1861 December 30 Fort Griffin

My darling wifey,
I wrote you a note enclosed in a letter to
Mittie which I hope you have received as I wrote sev-
eral things which I want yo to read–I also wrote
to you on Christmas day; the letter preceeding that you
have received–It is so quiet and uninteresting down
here that I h ave nothing worth the dignity of being
written, but were I with you I could talk until twelve
I have scolded you once or twice about being harried
and allowing yourself to be interrupted when writing
to me. I am half inclined to think that you are
anxious to round off you periods, but see the
excuses, “Breakfast summons me”‘ “Dark, so good
night”‘ “cousin Louisa Blair calls me” &c–when I
write to you, I like to do so at night, when every
thing is quiet and I can think of you without
being disturbed.

I came across a piece in the Spectator which made
me think of you and which I will transcribe:
“I am married, and have no other concern but to
please the man I love; he is the end of every care
I have; if I dress, it is for him; if I read a poem,
or a play, it is to qualify myself for a conversation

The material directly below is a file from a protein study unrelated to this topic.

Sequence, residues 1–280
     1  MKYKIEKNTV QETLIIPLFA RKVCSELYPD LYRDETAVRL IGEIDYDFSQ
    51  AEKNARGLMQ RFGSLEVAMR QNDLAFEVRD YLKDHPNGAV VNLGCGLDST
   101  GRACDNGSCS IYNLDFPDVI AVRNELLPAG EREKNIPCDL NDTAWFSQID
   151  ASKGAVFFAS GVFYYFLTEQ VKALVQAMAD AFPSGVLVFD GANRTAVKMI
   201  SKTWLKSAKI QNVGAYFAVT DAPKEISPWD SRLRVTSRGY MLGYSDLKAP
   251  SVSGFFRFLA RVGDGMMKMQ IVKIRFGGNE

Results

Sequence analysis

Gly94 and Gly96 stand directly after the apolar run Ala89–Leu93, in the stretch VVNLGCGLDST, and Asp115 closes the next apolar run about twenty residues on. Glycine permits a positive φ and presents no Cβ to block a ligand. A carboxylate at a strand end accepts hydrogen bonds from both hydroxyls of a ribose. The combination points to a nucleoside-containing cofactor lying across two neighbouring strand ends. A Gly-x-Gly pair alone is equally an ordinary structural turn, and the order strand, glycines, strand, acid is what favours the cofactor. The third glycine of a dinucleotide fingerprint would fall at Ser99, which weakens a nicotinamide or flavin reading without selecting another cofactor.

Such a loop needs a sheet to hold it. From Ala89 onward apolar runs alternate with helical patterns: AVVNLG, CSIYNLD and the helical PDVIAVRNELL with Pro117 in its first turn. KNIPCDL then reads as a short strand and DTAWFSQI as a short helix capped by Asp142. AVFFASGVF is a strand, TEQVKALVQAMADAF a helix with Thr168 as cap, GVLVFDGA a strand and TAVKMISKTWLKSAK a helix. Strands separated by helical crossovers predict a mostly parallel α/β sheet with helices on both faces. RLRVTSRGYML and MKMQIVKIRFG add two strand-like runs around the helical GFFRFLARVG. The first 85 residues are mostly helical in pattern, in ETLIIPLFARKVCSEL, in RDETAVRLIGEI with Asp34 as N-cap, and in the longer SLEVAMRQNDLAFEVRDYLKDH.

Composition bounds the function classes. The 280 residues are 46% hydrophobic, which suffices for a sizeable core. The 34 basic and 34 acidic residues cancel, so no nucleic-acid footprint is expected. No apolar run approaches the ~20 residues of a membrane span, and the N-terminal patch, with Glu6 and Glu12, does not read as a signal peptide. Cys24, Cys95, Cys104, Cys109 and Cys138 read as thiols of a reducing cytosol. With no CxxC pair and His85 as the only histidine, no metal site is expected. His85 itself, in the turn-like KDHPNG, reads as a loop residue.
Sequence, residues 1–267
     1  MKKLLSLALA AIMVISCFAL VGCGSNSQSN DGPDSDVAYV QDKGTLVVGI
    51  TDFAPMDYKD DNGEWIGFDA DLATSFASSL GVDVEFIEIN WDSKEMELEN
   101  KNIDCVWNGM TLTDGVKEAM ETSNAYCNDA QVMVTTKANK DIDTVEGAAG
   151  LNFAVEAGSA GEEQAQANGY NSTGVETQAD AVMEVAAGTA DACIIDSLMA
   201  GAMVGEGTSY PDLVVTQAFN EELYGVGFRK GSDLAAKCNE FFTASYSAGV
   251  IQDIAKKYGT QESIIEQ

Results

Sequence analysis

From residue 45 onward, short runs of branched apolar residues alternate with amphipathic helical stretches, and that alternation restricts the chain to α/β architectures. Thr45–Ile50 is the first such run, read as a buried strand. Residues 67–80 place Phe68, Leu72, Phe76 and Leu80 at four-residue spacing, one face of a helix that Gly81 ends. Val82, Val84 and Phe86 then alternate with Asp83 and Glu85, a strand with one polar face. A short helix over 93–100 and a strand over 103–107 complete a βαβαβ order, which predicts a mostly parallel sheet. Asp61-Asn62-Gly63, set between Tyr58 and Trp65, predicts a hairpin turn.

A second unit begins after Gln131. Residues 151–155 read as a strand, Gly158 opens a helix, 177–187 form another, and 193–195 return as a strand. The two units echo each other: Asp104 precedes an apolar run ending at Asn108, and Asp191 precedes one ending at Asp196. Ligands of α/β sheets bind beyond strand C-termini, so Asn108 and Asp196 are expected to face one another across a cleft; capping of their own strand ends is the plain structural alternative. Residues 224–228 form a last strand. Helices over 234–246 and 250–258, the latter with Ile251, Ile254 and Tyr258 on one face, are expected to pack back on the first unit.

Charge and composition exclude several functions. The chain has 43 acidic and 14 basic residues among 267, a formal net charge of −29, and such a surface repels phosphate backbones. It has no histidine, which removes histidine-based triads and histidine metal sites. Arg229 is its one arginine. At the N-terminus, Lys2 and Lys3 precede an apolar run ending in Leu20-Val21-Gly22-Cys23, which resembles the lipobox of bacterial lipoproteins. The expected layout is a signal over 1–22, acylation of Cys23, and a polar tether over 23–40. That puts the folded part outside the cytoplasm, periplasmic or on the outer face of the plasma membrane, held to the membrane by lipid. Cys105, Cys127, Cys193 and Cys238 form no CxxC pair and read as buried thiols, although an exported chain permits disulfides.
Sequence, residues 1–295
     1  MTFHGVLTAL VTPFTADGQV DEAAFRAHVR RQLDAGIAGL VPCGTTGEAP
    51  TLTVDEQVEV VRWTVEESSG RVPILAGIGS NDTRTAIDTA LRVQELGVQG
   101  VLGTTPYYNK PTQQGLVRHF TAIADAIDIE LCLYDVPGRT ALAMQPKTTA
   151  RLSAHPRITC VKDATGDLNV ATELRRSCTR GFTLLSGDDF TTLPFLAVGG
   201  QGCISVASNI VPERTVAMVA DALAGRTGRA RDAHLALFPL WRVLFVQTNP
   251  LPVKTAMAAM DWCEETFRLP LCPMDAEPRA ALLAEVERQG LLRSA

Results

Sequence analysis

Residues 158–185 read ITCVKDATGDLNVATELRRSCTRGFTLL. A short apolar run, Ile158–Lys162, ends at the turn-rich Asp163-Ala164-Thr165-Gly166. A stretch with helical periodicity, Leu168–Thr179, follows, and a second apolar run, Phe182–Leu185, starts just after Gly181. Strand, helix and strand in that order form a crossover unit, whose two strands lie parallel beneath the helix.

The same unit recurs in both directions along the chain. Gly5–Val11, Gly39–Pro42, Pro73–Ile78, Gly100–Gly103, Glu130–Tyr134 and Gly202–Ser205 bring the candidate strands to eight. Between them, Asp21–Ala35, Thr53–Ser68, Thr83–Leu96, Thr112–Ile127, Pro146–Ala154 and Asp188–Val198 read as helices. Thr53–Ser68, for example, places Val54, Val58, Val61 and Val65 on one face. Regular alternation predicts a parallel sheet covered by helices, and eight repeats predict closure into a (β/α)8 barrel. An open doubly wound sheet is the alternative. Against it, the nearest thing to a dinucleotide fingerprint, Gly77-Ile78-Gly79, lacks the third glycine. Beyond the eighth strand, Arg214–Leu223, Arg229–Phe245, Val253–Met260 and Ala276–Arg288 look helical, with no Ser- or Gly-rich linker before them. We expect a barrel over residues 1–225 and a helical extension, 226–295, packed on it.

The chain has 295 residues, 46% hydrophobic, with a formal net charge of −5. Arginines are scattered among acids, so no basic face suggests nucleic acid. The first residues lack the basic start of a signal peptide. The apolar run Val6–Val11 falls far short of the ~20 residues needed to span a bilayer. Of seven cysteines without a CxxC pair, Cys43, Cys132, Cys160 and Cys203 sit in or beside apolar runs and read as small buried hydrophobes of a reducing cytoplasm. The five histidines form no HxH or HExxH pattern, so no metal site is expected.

agreeable to his taste; he almost the end of my

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devotion; half my prayers are for his happiness,
I love to talk of him, and never hear him
named but with pleasure and emotion.” Tell me
this in you next and I will give you ten dollars.
Recollect that , as it is with you so it is with me
a great pleasure to be assured, again and again

that you love me.

If you get any letters from the VMI professors,
send me copies of them–I feel so anxious about
the election–I will be so happy in being with you.
When you see Ma, thank her for the nice
things she sent me in the box which I received
this evening–Every thing was very acceptable and
very nice–such a compliment she will value
as they are very rare. I expected a letter from
you to-night and have been disappointed, but
have received a long and interesting one from
Ma–tell her that I have fared a great deal
better during the last five months than I ever
expected and as for wanting to leave the service
I never wanted to enter it–thank Mittie for the visor
and you can afford to give me that much
time–Love to all at both places
and believe me as ever
your devoted
Husband

Mrs. Nannie L. Cochran

from Howe Peyton Cochran, Sergeant, 1st Virginia Artillery,

MSS 9380

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